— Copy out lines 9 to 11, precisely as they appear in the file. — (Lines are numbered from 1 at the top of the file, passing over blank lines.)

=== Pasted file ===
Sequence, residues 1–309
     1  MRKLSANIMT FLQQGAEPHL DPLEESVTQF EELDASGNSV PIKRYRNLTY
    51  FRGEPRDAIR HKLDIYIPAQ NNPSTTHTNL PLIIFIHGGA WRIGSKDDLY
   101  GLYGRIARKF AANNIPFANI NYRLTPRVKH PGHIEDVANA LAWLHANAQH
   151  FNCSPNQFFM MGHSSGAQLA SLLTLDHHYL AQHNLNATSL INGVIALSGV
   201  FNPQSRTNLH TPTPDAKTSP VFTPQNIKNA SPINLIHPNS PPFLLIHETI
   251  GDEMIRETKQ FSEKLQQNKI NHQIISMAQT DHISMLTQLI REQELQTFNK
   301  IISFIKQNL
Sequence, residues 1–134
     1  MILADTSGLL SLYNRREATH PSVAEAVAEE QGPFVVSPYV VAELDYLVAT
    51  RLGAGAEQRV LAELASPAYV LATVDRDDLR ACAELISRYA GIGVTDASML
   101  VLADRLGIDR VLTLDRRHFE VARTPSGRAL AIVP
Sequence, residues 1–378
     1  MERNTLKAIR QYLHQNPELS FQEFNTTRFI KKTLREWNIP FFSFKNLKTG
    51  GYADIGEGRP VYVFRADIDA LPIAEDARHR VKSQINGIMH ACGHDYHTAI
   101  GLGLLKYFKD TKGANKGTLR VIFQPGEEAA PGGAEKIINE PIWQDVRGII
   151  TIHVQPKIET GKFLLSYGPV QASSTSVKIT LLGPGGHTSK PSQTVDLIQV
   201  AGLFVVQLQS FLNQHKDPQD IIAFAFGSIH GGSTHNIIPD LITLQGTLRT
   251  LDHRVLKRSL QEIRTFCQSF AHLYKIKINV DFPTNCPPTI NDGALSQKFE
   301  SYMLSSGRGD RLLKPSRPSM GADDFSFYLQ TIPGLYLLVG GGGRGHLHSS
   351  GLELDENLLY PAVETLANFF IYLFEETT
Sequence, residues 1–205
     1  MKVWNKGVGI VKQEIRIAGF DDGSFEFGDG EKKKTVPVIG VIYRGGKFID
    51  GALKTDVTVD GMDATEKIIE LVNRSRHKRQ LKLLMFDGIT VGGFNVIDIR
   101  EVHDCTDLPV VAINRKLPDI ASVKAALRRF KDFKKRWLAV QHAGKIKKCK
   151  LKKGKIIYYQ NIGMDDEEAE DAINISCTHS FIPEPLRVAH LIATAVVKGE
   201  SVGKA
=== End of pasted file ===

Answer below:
Sequence, residues 1–134
     1  MILADTSGLL SLYNRREATH PSVAEAVAEE QGPFVVSPYV VAELDYLVAT
    51  RLGAGAEQRV LAELASPAYV LATVDRDDLR ACAELISRYA GIGVTDASML